A letter from Tom on the conditions at Mt. Charleston and the possible detrimental affect of unchecked development:
Thank you for your recent show of support for AB 352, which extends the kind of protections created for the Red Rock Conservation Area to the rest of the Spring Mountains, of which Red Rock is but one significant part.
I have been a part of the Mt Charleston area since 1956, when my family first moved here to make it our home. During my lifetime, I have witnessed the effects of the gradual encroachments of urban growth and development and the disappearance of qualities this area had when the first European settlers came upon it. Not all is lost, of course, but the recent growth of Las Vegas and the volume of visitors to the area now place great pressures on what remains of “God’s Country”.
I want to give you just one of many examples that can illustrate this to you, and others who may not be as intimately familiar with the details of what the area is facing, and why AB 352 is so important. I hope you will take a moment to take this in and add it to your reasons for support, if you don’t know these facts already.
Due to harsh winters and some distance from the urban center, of the homes now standing in these mountains, we typically average around a 10 to 15% year-round occupancy. The rest of our property owners are part time residents, mostly during the Summer months. As you know, our entire region is troubled by general drought patterns that are believed will continue indefinitely into the future. Fortunately, this year’s and last year’s precipitation has been greater than average for these patterns, and our water table will be sufficient for this year.
But, year before last, a year of low precipitation on top of several dry years, caused a situation where we were living on the edge of general well failure. What well failure would mean, we were told by the Water District folks, is that nothing would come out of our taps, and they would have to truck water 35 miles, up 5000 feet of elevation to make the community livable. That, in a system not designed for such a contingency, means, “Bring your jugs to fill from the trucks.” We were asked to curtail water use and employ conservation measures like installing shut-offs in shower heads, and saving bath water for flushing our toilets.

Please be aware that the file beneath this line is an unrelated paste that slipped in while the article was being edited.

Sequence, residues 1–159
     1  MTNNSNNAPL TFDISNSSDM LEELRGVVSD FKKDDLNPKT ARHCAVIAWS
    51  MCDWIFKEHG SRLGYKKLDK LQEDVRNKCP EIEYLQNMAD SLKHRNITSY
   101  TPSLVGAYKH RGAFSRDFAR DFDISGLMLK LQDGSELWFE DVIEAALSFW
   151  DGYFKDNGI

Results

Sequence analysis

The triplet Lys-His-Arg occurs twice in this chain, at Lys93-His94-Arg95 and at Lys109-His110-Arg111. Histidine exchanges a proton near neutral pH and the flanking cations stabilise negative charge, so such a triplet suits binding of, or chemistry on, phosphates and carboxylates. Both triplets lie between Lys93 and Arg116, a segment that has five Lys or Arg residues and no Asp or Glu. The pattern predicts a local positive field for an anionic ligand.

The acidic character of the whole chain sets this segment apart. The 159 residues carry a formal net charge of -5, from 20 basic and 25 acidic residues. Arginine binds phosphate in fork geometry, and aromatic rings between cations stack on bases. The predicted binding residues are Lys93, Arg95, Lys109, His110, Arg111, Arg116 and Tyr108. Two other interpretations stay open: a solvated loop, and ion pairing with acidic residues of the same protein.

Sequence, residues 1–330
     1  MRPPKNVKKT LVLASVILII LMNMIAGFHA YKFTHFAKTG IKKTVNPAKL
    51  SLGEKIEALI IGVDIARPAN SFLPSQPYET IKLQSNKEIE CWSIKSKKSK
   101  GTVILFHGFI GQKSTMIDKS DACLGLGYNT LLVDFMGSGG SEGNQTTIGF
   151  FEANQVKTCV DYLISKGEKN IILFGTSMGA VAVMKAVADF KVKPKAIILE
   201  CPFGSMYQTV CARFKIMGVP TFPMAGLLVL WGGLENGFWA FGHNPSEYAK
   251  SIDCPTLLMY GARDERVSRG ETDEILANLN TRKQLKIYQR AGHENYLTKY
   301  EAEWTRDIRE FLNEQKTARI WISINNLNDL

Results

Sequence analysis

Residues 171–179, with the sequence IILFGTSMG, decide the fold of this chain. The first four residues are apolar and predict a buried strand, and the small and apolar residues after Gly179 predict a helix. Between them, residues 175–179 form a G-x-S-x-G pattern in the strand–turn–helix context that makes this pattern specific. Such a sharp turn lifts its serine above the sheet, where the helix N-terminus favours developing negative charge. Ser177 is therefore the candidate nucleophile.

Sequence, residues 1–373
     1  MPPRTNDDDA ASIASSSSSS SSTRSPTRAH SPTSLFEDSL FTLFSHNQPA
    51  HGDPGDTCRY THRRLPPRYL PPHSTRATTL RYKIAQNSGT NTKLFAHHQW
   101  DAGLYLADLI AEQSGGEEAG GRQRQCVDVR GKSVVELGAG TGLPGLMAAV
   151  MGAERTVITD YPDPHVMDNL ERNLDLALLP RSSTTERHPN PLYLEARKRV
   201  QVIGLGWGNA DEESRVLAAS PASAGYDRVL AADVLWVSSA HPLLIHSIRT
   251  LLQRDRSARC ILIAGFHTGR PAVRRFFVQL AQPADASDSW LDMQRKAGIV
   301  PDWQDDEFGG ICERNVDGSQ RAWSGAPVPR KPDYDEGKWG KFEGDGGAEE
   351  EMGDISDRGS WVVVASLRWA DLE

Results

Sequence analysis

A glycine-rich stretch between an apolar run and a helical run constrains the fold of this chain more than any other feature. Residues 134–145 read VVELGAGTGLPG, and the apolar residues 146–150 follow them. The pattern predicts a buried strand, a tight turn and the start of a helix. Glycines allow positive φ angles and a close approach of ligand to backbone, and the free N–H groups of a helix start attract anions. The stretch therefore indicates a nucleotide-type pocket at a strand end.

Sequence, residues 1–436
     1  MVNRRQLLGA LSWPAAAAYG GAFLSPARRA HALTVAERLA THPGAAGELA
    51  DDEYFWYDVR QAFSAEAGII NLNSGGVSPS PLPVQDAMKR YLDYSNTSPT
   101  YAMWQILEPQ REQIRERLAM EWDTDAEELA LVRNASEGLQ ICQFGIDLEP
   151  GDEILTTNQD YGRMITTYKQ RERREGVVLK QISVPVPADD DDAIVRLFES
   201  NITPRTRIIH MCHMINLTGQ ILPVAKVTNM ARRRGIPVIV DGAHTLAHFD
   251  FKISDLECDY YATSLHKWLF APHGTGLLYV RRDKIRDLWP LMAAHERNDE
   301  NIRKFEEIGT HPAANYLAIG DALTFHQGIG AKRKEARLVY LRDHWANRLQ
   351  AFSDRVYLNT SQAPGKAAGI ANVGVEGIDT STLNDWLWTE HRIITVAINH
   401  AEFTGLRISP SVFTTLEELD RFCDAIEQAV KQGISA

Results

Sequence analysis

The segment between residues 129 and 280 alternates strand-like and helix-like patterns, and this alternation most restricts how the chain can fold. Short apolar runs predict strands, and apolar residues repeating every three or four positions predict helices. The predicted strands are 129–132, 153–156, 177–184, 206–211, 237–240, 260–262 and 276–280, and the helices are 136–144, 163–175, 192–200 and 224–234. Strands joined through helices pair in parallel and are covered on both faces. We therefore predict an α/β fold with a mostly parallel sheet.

What this also means, in relevance to AB 352, is that if the population of year-round residents, that 10-15%, were to be increased just among the existing homes, without building a single new dwelling, will increase the likelihood of a well failure scenario, during the kind of drought condition years that are also likely to come in the future. This alone poses a threat to the viability of these small communities, as well as recreational uses, fire suppression capabilities, etc.
This is just one of the reasons that AB 352 is not only a modest proposal, in the right direction, but necessary. I hope this begins to tell why this bill has such support as unanimous endorsements by the Town Boards of the resident communities and the kind of broad support from organizations and individuals who have environmental and recreation interests in the whole Spring Mountain Range.
This is also why I urge you and your colleagues not only to move this bill out from the Committee to the Assembly floor, but to do whatever you can from there to see it through all the necessary steps to its landing on the Governor’s desk for his signature. I can also assure you that there is much more to this story, and should any questions or doubts arise, the members of these communities will be more than willing to respond with whatever is necessary.
Thank you again, now and long into the future,